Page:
Legends of Hockey -- NHL Player Search -- Player -- Steve Buzinski
Steve Buzinski had a very short NHL career, playing in just nine games as a wartime replacement for the New York Rangers. During his stay in the NHL, he sported a rather shoddy 6.11 goals against average, which earned him the nickname "The Puck Goes Inski." It's a nickname which stuck with him his entire life. When asked who or where the nickname started, Buzinski replied "I have no idea at all. A lot of this is a figment of somebody's imagination." Although Buzinski couldn't be sure who started the nickname, he has always suspected it was Ranger teammate Alf Pike.

After playing in the NHL, Buzinski returned to intermediate hockey, playing until the end of the 1952-53 season. He then coached at the intermediate level for six years before getting into a career in research.

When asked if he could recall any moments that stood out in his hockey career, Buzinski said there were several, but none from the pro ranks, because as he noted "I wasn't there long enough to have any memories." He said being on a dominant intermediate team in western Canada is part of his fondest memories. He did remember negotiating his contract with the New York Rangers' Lester Patrick. "He was tough," Buzinski recalled. "He suggested a salary and I objected and he said 'Fine, go home.'" Buzinski ended up signing the contract for $5,000 for the duration of the season.

Frank Boucher, the Rangers coach during Buzinski's time in New York, said everyone liked the diminutive goalie from Dunblane. "We all enjoyed him tremendously, he was a fine little fellow," he said. "But he had a problem though; he couldn't stop the puck. He played nine games for us and allowed 55 goals. We had to let him go." In fact, over the many years since his dubious NHL career, Buzinski has achieved far more recognition for his incredibly bad goaltending than he ever would have had he just been a middle-of-the-road NHL puck-stopper.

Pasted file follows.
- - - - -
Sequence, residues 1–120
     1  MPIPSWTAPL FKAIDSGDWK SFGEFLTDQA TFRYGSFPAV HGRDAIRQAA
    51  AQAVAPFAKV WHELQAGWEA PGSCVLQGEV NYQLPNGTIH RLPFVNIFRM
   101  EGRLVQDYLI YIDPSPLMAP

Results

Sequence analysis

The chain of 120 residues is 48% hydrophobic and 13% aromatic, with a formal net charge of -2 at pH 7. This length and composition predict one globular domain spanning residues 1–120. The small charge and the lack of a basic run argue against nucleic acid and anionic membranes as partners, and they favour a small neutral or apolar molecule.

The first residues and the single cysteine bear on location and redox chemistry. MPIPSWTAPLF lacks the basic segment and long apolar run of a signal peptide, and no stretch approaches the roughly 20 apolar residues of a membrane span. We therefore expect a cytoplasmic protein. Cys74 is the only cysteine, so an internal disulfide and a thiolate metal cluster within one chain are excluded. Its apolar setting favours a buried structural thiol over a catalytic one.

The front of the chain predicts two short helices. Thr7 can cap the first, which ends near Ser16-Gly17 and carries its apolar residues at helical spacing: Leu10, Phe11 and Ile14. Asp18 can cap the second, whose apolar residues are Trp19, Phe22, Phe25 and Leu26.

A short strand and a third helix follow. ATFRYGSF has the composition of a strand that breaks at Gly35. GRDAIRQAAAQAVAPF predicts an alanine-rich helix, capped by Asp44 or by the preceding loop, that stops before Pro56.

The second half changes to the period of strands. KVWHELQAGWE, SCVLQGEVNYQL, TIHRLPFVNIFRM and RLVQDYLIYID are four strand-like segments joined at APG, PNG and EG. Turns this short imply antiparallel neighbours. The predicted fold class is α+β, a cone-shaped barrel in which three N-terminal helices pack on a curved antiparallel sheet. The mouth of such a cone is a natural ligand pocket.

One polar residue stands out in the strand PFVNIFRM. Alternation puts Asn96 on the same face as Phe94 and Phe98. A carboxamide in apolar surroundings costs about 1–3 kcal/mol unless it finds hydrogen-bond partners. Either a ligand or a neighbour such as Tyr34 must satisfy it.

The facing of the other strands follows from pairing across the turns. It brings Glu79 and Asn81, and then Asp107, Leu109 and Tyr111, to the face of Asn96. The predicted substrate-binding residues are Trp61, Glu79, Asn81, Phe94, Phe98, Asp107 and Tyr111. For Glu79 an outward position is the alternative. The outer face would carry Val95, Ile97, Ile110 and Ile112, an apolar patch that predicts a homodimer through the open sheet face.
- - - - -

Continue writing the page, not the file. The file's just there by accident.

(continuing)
One of the funnier Steve Buzinski stories took place in a game against the Toronto Maple Leafs. Buzinski challenged a Leaf player to the puck and was seemingly knocked unconscious following a goal. A heated debate then arose between the two teams as to whether Buzinski was hit by the puck or an errant stick from a Leaf player in the crease, which would have disallowed the goal. When it seemed like the Leafs and the puck option were winning the side of the officials, Buzinski immediately opened his eyes, sprang upright and screamed "it was the stick!" He then promptly laid back down on the ice and closed his eyes. Teammate Lynn Patrick was laughing so hard, he skated over to the Ranger bench to tell coach Boucher what Buzinski had done. "He gave us almost enough laughs to alleviate the pain he caused us," Boucher noted.

Season Club League GP W L T SO Avg GP W L T SO Avg
1934-35 Saskatoon Nutana SCJHL 6 5 0 1 1 1.37 2 0 2 0 0 4.00
1935-36 Prince Albert St. Marks SAHA 2 0 2 0 0 8.50
1936-37 Prince Albert Mintos N-SSHL 2 0 6.50
1937-38 Swift Current Indians SIHA
1938-39 Swift Current Indians SIHA
1939-40 Swift Current Indians SIHA
1940-41 Swift Current Indians SIHA
1941-42 Swift Current Indians SIHA 8 6 1 1 0 2.00
1942-43 New York Rangers NHL 9 2 6 1 0 5.89
1942-43 Swift Current Indians SIHA
1945-46 Swift Current Indians SIHA
1946-47 Swift Current Indians SIHA
1947-48 Swift Current Indians SIHA
1948-49 Swift Current Indians SIHA
1949-50 Swift Current Indians SIHA
1950-51 Swift Current Indians SIHA 24 10 11 3 0 3.37 5 1 3 1 0 4.06
NHL Totals 9 2 6 1 0 5.89

Signed as a free agent by NY Rangers as a war-time replacement for Jim Henry, October, 1942.
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